Tom Orange, president of Fuggles and Warlock brewery, will have to wait for reprieve from the red tape he faces to freely sell his product across provincial borders.
Provincial leaders met in April and signed a new Canada Free Trade Agreement, however, it ignored lifting barriers on inter-provincial alcohol exports and imports.
As he waits, he will continue to look to the East. And why not? The company’s sales in Taiwan, South Korea and Japan are increasing exponentially. This, as the company navigates trying to enter the Ontario market through that province’s liquor control board.
“Ontario is a big deal for us,” said Orange.
“But there are significant costs attached to going to Ontario,” he added.
And Quebec? Forget about it, said Orange.
“There are lots of regulations that make it difficult to get into that market and so we decided to push into Ontario and stop there for now,” said Orange.
The problem is that many provinces own lucrative monopolies on controlling the distribution of alcohol. Only Alberta is relatively free of regulations.
“The tricky part is each province has a different model. You’ve got provincial liquor markups and each province is different. So, we have to adjust prices in each market,” explained Orange.
Calgary Conservative MP John Barlow noted, following the trade deal, that the Importation of Intoxicating Liquors Act continues to restrict “the ability for producers to sell outside their own province unless they are granted permission by a liquor board of another province.”
So, getting that permission in each province has been a task for Fuggles and Warlock. Meanwhile, the B.C. and Asian markets are ripe for the taking as craft beer popularity explodes here, and there.
“Month over month we see an increase in sales in B.C.” said Orange.
In B.C., Orange has stopped counting how many private liquor stores Fuggles and Warlock can be found in — it’s in the hundreds. Same goes for the number of pubs and restaurants where you’ll find at least one of the company’s five core beers: Pixel Pils (pilsner), Bean Me Up (stout), Personas West Coast Common (ale), The Last Strawberry Wit (lager made with Fraser Valley strawberries) and Destinay IPA (pale ale).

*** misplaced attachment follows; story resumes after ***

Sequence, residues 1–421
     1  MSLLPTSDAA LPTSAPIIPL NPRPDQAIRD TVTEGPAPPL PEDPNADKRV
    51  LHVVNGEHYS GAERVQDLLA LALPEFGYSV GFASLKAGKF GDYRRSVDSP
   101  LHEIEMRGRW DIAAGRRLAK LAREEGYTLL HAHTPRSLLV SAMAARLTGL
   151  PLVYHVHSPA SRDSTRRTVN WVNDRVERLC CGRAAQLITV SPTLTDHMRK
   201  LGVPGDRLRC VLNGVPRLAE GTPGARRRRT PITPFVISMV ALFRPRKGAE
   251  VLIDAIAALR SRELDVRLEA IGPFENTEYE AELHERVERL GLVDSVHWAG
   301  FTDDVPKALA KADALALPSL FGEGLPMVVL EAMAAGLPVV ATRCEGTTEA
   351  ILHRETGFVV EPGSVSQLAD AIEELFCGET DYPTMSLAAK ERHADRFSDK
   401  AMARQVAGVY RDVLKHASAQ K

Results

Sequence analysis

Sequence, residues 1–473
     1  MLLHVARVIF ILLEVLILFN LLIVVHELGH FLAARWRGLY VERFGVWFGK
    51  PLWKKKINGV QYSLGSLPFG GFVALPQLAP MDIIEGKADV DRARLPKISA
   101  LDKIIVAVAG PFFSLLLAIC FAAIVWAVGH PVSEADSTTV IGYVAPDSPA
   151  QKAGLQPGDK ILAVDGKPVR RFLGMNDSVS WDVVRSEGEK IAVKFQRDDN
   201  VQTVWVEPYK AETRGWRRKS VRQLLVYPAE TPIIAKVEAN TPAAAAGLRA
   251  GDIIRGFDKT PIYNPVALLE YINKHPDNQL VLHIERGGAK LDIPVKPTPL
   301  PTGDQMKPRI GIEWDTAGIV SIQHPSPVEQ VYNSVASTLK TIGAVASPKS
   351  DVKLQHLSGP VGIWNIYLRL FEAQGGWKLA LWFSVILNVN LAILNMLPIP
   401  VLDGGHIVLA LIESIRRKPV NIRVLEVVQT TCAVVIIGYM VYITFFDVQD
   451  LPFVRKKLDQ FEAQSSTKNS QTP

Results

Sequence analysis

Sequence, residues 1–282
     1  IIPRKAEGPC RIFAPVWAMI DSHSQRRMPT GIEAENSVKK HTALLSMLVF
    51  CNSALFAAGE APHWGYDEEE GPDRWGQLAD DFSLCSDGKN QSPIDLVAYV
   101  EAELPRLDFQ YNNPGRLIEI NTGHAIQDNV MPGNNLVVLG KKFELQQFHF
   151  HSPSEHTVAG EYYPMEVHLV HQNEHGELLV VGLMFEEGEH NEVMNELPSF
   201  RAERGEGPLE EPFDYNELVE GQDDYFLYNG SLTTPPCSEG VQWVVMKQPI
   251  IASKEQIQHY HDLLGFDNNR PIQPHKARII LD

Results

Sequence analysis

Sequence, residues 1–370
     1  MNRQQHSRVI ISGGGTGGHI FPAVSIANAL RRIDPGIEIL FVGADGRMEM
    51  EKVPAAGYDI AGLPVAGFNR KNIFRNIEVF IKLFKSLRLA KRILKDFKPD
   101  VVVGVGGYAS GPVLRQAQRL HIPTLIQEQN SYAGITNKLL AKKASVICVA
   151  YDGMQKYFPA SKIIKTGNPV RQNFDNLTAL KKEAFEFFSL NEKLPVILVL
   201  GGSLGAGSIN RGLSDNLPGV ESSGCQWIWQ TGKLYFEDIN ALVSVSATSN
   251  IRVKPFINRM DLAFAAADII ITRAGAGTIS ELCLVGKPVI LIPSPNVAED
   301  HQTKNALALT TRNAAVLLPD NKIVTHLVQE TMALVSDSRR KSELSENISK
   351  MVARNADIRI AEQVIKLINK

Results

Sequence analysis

“We’re always reviving our selection and thinking what could join our core lineup. Our number one priority is to keep the quality high,” said Orange.
Meanwhile, in the taproom, there are extended opening hours (11 a.m. to midnight on Friday and Saturday; 12 p.m. to 9 p.m. Sunday to Wednesday; 11 a.m. to 11 p.m. on Thursday) and seasonal sour beers and other creations, not in the core lineup. This Saturday, they will host a summer party with live bands and food trucks.
Orange said there’s no slowing down in the market, after craft beer fever took off in the mainstream a few years ago.
“The market is still growing. What I think is interesting is we’ve chosen to diversify our sales markets on purpose and at some point, with so many craft breweries opening in B.C., shelf space will be more difficult to find. So it’s important to have that distribution footprint out there and grow it,” said Orange.
And so, Fuggles and Warlock is now frequently sending 40-foot containers of beer to South Korea and looking to open a route to Australia.
“The rate of sale is good,” said Orange, who was a beer importer/exporter in the Asian market prior to opening Fuggles and Warlock in late 2015.
“I knew what made these guys (Asians) tick,” said Orange.
Aside from the company’s offerings, one of the things that has made Fuggles and Warlock so popular in corner stores in Seoul is the branding and labelling, which features galactic and anime superhero designs by beer sommelier Dan “Fuggles” Colyer.
It looks good and tastes good, noted Orange; in Seoul, its IPA has routinely held the top spot at one of the premiere bottle shops for best IPA, as decided on by the customers.
The branding, bolstered by merchandise sales, with the mottos “keeping beer weird” and #FugLife, continues to reach new heights over the past 18 months.
Fuggles and Warlock plans to begin unveiling a marketing campaign with DDB marketers, one of the largest advertising firms in Canada.
“The creative team was excited to work with us. They thought they could have a lot of fun. They’re not marketing widgets,” said Orange.
But keeping to its core values, Orange said the biggest thing the company is working on is a taster’s experience. That’s where the experimental and seasonal beers come in.
And with opportunity comes growth; the company is growing into its Horseshoe Way facility, by adding more fermenters.
“With breweries, you have to bite the bullet and pay extra rent to know you have space down the road,” said Orange.